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  • Gnats

    Does anybody have any pictures of gnats, both the adult and larvae stages. My first year rooting and would like to know what to look for. Thanks
    Dave- Waterford, Ct. Zone 6a

  • #2
    Fungus Gnats?...
    http://www.ext.colostate.edu/pubs/insect/05584.pdf
    Pete R - Hudson Valley, NY - zone 5b

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    • #3
      Just took a picture of the larvae in one of my cups. I removed the cuttings and replanted with new promix/perlite and the cutting is much happier. This cutting has been languishing for quite a bit and was constantly being treated with Gnatrol. The cutting was rotted up to about the last 2-3 inches. Everything below was infested with these larvae. The larvae are the tiny white worm like things on the bag.
      Von, Northern VA 7a

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      • #4
        Fungus gnats not only eat roots, they get into the main stem of the cutting as well. They eat the cambium layer under the bark and eat their way up. I have pulled up a cuttings that died from the gnats and examined what was left. I peeled back the bark and found many in there. A lot of ideas how to kill them with mixed reviews. I had limited results with Bti. I recently tried liquid sevin and sprayed the soil/rooting medium heavily and it seems to work very well. Need to get the sevin throughout all of the rooting medium. One application seemed to do the trick. I think that in the future, I will treat the medium with sevin before inserting my cuttings. You could mix in sevin dust in the medium and get the same results or put the dust on the top and water it in.

        PPP
        PPP
        Eatonton, GA zone 7b/8a

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        • #5
          Gotta kill the larvae before they do anymore damage!
          PPP
          Eatonton, GA zone 7b/8a

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          • #6
            http://www.ext.colostate.edu/pubs/insect/05584.pdf
            Fungus gnat larvae usually are located in the top 2 to 3 inches of the growing medium, depending on moisture level. They
            primarily feed on fungi, algae and decaying plant matter. However, the larvae will feed on plant roots and leaves resting on the growing medium surface. Larvae develop rapidly and are fully grown in two to three weeks. They then pupate in or on the growing medium.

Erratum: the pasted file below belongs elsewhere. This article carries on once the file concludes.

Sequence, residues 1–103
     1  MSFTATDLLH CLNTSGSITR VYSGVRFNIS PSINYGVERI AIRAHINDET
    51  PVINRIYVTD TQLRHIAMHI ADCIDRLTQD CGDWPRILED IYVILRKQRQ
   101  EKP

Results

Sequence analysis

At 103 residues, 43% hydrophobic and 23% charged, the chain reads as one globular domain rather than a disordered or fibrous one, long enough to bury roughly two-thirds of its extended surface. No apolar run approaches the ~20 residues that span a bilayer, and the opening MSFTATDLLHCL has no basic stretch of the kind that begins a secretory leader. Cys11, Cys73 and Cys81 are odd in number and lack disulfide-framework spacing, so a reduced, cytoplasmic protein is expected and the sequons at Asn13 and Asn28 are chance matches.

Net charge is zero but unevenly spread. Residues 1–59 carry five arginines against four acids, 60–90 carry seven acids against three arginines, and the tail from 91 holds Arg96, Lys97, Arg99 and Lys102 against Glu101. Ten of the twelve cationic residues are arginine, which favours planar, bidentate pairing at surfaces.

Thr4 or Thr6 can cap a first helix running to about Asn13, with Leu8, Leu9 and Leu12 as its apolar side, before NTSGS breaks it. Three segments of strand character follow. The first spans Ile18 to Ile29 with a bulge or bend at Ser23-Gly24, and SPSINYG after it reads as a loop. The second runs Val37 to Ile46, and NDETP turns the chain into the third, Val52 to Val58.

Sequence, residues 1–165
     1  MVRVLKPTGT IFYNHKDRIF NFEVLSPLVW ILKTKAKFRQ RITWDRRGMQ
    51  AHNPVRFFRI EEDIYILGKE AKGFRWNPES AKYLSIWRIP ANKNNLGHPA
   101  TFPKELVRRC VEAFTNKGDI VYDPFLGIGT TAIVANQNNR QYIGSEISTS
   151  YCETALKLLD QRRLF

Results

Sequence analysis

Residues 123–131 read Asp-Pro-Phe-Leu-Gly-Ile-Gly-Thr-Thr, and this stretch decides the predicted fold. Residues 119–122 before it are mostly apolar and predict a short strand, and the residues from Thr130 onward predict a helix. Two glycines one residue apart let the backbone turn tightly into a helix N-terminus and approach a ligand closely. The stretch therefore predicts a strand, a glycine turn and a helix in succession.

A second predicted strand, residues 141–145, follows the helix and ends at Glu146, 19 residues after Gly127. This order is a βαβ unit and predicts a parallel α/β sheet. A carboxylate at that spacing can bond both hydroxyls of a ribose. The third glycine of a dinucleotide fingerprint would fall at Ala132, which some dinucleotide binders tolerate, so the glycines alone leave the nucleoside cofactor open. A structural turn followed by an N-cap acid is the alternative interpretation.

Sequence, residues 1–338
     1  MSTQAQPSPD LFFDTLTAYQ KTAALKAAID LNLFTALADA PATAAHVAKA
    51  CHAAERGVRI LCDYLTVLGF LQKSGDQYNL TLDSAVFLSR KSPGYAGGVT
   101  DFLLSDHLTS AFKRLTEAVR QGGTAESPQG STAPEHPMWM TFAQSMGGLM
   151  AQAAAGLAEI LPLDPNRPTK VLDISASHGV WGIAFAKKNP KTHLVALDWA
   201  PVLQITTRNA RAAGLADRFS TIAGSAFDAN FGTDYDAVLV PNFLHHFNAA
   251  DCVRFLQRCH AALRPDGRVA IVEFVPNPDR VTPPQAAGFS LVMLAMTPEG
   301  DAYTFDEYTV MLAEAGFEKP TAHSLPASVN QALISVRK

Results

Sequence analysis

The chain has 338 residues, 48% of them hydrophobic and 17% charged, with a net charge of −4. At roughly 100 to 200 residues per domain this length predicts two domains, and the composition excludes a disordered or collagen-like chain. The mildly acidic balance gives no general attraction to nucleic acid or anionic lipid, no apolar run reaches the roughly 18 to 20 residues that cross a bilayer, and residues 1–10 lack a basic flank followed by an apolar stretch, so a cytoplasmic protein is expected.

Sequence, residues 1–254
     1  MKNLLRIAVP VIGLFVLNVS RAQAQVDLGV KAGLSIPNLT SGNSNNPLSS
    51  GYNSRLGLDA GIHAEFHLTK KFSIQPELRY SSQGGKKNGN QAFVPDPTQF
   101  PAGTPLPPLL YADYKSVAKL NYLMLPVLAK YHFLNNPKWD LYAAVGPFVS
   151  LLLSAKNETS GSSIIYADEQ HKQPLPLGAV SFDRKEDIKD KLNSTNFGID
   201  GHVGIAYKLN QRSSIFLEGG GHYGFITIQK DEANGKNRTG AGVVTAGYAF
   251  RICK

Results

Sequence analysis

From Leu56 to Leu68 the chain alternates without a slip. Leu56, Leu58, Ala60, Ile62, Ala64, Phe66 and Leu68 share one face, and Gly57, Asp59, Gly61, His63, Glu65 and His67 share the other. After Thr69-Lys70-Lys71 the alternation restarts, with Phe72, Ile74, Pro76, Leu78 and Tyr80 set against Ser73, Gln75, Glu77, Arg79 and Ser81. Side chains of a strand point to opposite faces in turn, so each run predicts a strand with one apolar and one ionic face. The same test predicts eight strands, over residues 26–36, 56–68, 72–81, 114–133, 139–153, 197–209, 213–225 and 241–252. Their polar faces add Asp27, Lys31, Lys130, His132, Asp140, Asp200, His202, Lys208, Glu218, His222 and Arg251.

Fungus Gnats move in when the conditions are right, over watering keeps the mix wet and starts the cuttings to rot, if gnats are present they move in and infest the wet soil and rotting cutting. Gnats eggs are also in some potting soils and organic mix ingredients (compost). when exposed to the right conditions they hatch.

            Starting the cuttings in "sterile" mixes, keeping the mix aerated and a dry layer at the top of the container will help to reduce or eliminate infestation.
            Pete R - Hudson Valley, NY - zone 5b

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            • #7
              I have had good luck staying on top of them by keeping a 'Mosquito Dunk' in the top of my water containers, which I keep full until needed. Add a fresh one every couple weeks.
              I did have some gnats come in from outside with infested potting mix, they were bad for awhile, then I surface treated some containers with 'Mosquito Bits' and started the regimen with the 'dunks',and although I still see a very occasional gnat, they don't seem to be affecting my plants. I also bottom water only. I wish I could claim complete success, but this seems have worked okay for me.
              Jesse in western Maine, zone 4/5
              Wishlist- Figues Juane, Demos unk, Nantes Maroc, Thermalito

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              • #8
                I use a three prong approach. I have around twenty carnivorous plants scattered about the plants that have been potted up. I also only
                water from the bottom and each time it is with a mixture of Gnatrol. This has worked very well for me the last two years.
                newnandawg 7b Newnan, GA

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                • #9
                  Gnat larvae are little maggots.
                  USDA Zone 9b Wish list: Abruzzi, Pasquale, Filacciano, Tagliacozzo, Zingarella, Godfather. Any, including unknowns, from Abruzzo, Italy.

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                  • #10
                    All of my cuttings and plants regardless of what they are planted in has 3 inches of pure perlite or sand over it with apple cider vinegar trap in corner of box for indoor. Also have same in one pot with pea gravel instead of perlite and under the first layer of gravel I put sticky trap and water from bottom.
                    Zone 5 Chicago IL Wish list:
                    1) Rest peacfully Amico Bello Buddy 👼🏼.
                    2) This weeks ebay auctions.

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                    • #11
                      Thanks for the replies. Are gnats also known as fruit flies or is this an entire different critter?
                      Dave- Waterford, Ct. Zone 6a

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                      • #12
                        Dave,
                        Fungus Gnats and Fruit Flies are entirely different critters.
                        Taverna78, have you had luck attracting fungus gnats with apple cider vinegar? My experience, also reported by others, is that the adults just aren't attracted to it the way fruit flies are.
                        Jim
                        Jim -- Central NJ, Zone 6b

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